Will the Supreme Court Agree to Further Limit a Woman’s Right to an Abortion?

Recently Arkansas officials filed a petition with the U.S. Supreme Court seeking review of a decision from the Eighth Circuit Court of Appeals which held unconstitutional an Arkansas statute limiting a woman’s right to have an abortion.  Since the Supreme Court’s 1973 seminal decision in Roe v. Wade, which first announced a constitutional right to terminate a pregnancy, the Court has never abandoned its so-called “fetal viability” principle which limits a state’s power to ban abortions at an earlier point of gestation than when the fetus could survive outside the womb (typically 24 weeks of gestation).  A number of states have attempted to pass laws imposing earlier bans to an abortion.  Arkansas recently did just that, by passing a law which prohibits abortions past the first trimester absent cases of rape, incest, danger to the life or health of the gestating mother, or diagnosis of a lethal fetal disorder.

The petition filed by Arkansas officials argues that the Court’s judicially created “fetal viability” rule is not only constitutionally infirm, but also impermissibly impedes on a State’s “profound interests in protecting the life of the unborn child, protecting the health of the mother, and upholding the integrity of the medical profession.”  An amicus curiae was filed by 3,355 Women Injured by Abortion, et al., “in support of partial affirmance and partial reversal.”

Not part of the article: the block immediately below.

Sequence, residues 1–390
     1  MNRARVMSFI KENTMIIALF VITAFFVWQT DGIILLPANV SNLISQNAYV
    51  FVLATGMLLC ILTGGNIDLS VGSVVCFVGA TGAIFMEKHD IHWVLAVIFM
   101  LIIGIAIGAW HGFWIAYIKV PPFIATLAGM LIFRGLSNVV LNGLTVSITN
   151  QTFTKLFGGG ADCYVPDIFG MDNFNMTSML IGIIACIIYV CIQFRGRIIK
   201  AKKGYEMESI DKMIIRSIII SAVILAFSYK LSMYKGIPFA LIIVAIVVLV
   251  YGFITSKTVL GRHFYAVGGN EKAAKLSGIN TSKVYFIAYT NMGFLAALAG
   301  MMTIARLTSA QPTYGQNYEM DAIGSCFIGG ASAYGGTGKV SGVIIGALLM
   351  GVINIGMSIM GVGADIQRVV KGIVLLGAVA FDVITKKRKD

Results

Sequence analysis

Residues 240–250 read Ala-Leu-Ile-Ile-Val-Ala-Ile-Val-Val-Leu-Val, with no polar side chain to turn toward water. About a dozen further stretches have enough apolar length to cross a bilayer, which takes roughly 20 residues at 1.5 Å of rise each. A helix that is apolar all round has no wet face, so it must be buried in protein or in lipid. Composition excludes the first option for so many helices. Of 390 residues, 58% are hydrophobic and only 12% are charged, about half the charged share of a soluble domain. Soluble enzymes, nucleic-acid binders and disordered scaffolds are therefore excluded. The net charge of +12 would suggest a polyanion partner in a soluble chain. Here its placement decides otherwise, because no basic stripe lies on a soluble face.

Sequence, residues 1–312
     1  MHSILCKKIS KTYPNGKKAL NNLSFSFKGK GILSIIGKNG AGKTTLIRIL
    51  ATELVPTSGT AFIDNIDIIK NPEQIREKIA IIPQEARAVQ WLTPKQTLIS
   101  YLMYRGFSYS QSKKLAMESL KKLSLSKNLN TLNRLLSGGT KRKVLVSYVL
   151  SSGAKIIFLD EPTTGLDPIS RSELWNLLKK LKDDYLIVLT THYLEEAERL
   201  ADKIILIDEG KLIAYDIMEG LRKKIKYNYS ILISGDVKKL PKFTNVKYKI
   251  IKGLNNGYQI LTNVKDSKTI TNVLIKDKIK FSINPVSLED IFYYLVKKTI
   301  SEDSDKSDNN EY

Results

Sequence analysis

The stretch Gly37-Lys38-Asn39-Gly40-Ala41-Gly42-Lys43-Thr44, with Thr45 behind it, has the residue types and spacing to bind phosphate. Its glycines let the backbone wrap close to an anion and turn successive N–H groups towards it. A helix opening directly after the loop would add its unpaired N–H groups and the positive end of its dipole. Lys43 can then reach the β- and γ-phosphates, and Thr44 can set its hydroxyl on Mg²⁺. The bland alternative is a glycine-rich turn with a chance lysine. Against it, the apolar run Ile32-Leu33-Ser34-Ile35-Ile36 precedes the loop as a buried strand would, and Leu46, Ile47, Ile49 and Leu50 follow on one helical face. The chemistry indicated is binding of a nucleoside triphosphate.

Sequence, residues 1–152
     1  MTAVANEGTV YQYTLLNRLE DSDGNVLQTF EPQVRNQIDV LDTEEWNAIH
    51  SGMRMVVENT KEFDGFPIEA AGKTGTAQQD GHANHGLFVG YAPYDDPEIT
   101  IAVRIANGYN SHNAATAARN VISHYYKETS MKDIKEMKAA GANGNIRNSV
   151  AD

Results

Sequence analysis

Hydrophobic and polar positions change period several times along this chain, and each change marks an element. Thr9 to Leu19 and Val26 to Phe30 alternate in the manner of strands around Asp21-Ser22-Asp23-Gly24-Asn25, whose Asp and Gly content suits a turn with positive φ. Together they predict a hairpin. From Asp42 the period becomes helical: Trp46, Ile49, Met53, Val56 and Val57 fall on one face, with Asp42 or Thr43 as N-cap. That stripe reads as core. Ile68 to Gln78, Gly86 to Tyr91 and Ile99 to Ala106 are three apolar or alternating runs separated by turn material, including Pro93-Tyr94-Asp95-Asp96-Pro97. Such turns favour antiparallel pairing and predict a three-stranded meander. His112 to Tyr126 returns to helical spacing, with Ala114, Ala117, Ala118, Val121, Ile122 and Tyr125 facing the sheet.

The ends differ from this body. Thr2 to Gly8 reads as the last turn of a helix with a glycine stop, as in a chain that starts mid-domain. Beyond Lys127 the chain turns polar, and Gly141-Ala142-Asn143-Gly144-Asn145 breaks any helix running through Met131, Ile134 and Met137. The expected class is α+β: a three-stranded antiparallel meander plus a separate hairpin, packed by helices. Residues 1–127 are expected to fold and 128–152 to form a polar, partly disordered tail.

Although the two Arkansas physicians who initially brought the action in District Court waived their right to file a response to the petition, the Court ordered the physicians to file a response by December 10, 2015.  Under Supreme Court procedures a single Justice can ask for a response to a petition when the other side has waived that right; thus, it is less than clear whether at least four Justices will vote to hear the case on the merits (the minimum required to grant a petition for hearing).

Gestational surrogacy agreements frequently contain provisions detailing when a gestational surrogate may voluntarily terminate a pregnancy.  The sole source of consent for terminating a pregnancy rests with the gestational surrogate; however, in entering into a gestational surrogacy agreement the gestational surrogate typically agrees to follow the intended parents’ decisions as it relates to terminating a pregnancy and selective fetal reduction (a form of abortion where less than the entire pregnancy is voluntarily terminated).  While a gestational surrogacy agreement was not involved in the Arkansas case, a decision from the Supreme Court abrogating the “fetal viability” principle could significantly impact an intended parents’ ability to selectively reduce a pregnancy or voluntarily terminate a pregnancy altogether.

The case is Beck v. Edwards, Case No. 15-448.